Target: Environmental Protection Agency
Goal: Impose stricter limitations in drilling practices used to acquire natural gas and crude oil
Hydraulic fracturing (“fracking”) is a method used in many states across the U.S. to acquire natural gas from rock formations deep within the Earth. It involves drilling, then “fracking” or essentially blasting the rock with highly pressurized and chemically treated water in order to stimulate and extract any natural gas that hasn’t been released. This type of drilling process has been linked to a rapid increase in seismic activity and it pollutes our air as well as underground water sources. Tell the EPA that these risks musts be recognized and regulated accordingly.
The actual process of fracking involves injecting millions of gallons of chemical-laced water into a well, which cracks the rock required to attain its gas and oil. After these products are extracted and separated, the water used in the process is stored in several “disposal wells” located thousands of feet underground and storing up to 5 million gallons of wastewater each. Over time, this water builds pressure and eventually causes earthquakes. Its chemicals also leak out of the disposal wells and into the earth, easily contaminating our water sources as well as the air that we breathe.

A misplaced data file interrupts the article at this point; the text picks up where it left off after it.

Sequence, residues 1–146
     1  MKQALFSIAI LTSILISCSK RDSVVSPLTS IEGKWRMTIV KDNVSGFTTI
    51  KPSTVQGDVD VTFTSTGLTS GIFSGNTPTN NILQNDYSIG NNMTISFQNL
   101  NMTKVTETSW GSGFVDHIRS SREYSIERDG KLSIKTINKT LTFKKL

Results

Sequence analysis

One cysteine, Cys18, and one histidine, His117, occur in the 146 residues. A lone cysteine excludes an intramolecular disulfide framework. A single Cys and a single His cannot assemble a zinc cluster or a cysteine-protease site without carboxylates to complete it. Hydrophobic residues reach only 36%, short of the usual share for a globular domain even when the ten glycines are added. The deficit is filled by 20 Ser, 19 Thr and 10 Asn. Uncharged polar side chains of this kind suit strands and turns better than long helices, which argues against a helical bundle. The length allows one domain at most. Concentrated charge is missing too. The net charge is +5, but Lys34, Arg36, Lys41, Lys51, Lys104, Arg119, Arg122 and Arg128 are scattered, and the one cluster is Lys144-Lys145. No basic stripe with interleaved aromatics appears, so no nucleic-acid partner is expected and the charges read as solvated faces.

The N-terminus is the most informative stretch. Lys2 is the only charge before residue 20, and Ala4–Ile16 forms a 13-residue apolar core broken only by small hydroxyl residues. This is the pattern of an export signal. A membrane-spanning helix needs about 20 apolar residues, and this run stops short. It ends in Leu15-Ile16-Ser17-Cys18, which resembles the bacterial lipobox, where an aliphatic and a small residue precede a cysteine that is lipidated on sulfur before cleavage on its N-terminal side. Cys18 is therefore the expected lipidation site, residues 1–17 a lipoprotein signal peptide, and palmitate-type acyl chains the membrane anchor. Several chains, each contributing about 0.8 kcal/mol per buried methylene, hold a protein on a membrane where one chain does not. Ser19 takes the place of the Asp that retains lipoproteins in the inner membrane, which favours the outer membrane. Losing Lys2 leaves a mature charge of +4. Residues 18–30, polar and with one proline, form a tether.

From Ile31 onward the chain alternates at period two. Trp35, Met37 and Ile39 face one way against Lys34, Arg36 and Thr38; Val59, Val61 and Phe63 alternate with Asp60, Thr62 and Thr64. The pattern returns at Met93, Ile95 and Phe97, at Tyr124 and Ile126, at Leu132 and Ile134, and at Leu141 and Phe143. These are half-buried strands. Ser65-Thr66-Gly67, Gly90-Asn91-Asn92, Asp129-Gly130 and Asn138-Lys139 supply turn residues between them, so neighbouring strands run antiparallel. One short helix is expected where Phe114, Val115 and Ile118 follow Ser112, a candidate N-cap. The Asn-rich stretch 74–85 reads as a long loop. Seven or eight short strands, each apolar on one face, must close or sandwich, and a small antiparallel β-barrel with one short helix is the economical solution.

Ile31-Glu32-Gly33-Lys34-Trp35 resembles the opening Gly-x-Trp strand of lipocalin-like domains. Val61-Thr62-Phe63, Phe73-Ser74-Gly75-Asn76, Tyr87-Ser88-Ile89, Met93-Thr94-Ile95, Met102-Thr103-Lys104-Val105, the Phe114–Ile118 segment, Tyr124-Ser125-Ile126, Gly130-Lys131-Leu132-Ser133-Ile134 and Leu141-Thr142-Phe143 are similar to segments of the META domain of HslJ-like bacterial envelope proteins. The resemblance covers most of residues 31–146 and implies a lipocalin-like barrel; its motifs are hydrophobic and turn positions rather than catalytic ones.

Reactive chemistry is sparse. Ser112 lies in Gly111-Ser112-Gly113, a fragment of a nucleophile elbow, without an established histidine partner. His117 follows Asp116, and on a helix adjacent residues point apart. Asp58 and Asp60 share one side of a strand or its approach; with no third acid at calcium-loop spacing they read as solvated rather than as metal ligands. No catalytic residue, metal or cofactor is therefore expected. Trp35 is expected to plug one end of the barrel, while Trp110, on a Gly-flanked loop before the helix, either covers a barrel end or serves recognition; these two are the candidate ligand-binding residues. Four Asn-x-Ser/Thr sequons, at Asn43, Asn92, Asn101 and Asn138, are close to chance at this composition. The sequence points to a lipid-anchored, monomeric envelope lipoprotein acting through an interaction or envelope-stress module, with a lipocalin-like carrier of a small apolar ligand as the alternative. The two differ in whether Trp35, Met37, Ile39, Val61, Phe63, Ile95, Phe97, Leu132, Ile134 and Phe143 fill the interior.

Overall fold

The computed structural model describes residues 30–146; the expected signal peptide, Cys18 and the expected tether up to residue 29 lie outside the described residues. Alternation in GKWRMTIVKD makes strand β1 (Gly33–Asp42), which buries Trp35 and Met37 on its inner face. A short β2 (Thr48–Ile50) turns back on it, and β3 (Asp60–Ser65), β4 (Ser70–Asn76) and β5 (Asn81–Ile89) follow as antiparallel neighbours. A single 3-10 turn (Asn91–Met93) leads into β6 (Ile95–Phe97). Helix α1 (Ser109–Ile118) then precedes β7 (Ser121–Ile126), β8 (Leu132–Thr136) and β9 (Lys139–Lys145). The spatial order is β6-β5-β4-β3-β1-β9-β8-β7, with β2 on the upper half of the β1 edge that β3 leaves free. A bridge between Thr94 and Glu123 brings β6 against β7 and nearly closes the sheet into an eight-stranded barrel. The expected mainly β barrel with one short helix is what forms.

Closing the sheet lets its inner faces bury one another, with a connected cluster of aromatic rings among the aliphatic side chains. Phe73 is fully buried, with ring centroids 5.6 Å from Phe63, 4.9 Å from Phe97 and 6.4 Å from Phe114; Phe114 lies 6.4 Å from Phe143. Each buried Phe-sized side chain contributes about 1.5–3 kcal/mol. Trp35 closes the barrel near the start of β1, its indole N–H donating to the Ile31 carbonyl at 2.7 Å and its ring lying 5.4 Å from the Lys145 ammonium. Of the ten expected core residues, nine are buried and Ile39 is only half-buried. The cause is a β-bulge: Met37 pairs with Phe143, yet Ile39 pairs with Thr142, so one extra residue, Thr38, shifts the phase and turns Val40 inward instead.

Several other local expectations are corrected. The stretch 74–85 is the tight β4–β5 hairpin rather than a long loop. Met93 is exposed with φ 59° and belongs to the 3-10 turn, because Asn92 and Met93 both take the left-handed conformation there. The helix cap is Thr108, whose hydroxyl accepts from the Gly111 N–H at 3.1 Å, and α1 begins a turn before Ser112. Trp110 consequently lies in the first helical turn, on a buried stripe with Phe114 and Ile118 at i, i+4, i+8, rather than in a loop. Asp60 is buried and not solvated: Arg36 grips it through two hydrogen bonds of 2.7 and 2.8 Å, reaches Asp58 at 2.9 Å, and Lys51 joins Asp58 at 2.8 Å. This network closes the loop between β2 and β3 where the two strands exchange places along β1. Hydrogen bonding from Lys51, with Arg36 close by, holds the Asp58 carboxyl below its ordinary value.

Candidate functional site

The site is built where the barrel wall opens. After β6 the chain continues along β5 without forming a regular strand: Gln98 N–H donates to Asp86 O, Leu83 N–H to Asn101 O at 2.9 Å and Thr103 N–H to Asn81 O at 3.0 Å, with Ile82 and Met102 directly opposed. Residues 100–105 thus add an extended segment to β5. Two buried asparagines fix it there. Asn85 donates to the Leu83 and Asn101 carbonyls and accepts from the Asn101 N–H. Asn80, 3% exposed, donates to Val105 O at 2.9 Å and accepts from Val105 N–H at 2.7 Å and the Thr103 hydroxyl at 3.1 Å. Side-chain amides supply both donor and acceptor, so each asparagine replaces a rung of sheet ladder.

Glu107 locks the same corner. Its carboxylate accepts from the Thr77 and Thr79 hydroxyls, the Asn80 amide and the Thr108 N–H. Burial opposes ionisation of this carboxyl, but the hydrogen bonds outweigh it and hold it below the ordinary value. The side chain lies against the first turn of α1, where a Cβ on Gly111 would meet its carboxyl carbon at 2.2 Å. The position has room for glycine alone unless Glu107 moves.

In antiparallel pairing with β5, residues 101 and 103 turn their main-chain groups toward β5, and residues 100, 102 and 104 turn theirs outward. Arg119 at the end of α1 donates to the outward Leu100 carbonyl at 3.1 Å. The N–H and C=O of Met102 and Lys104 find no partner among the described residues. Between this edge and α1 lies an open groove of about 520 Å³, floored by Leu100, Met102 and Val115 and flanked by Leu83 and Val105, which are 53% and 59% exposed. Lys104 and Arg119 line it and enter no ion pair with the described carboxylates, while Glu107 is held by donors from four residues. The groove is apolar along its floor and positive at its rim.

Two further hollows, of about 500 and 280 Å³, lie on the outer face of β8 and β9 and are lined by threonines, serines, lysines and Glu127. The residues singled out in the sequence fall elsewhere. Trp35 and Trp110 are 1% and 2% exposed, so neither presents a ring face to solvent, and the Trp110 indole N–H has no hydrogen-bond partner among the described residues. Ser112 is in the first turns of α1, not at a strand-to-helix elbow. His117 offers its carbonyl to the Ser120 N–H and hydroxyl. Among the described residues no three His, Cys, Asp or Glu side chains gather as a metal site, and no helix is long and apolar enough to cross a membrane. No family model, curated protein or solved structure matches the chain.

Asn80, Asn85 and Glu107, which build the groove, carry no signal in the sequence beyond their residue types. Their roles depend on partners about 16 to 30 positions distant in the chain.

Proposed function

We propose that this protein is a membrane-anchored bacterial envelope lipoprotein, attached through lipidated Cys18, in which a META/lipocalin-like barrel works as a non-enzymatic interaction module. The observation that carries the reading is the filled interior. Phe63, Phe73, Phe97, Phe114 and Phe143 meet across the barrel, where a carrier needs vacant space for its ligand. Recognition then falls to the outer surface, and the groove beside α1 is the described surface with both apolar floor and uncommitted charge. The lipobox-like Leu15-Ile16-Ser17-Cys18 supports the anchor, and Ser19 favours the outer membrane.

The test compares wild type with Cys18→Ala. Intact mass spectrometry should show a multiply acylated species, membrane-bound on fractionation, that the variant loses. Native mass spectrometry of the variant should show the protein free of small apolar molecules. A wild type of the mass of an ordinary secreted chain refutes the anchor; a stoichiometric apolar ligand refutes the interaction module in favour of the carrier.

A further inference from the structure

If we do not start looking into alternative methods such as renewable energy sources readily available to us, then we will eventually destroy our earth as well as the few natural resources we have left. Let the EPA know that we demand changes in risky methods used in mining for oil, such as fracking, and stricter limitations to prevent dangerous chemicals from leaking out and polluting our environment.
Dear Environmental Protection Agency,
Hydraulic fracturing for natural gas and crude oil is a risky process with short and long-term consequences that must be modified. We put our earth and ourselves at risk of absorbing these toxic chemicals emitted during the extraction processes, and threaten our natural water sources when the wastewater is injected back into the ground. While regulations to monitor air pollution from these practices have been put in place (though they won’t be enforced until 2015), there is not a single rule addressing the problem of this contaminated groundwater that threatens organisms everywhere (including us).
Congress may have exempted fracking practices from the Safe Water Drinking Act in 2005, but that doesn’t mean you should give up the fight. Please stand up for the concern that we share and implement stricter policies which ensure that our natural resources remain safely intact. We are also tired of the earthquakes.
[Your Name Here]
Photo credit: WILPF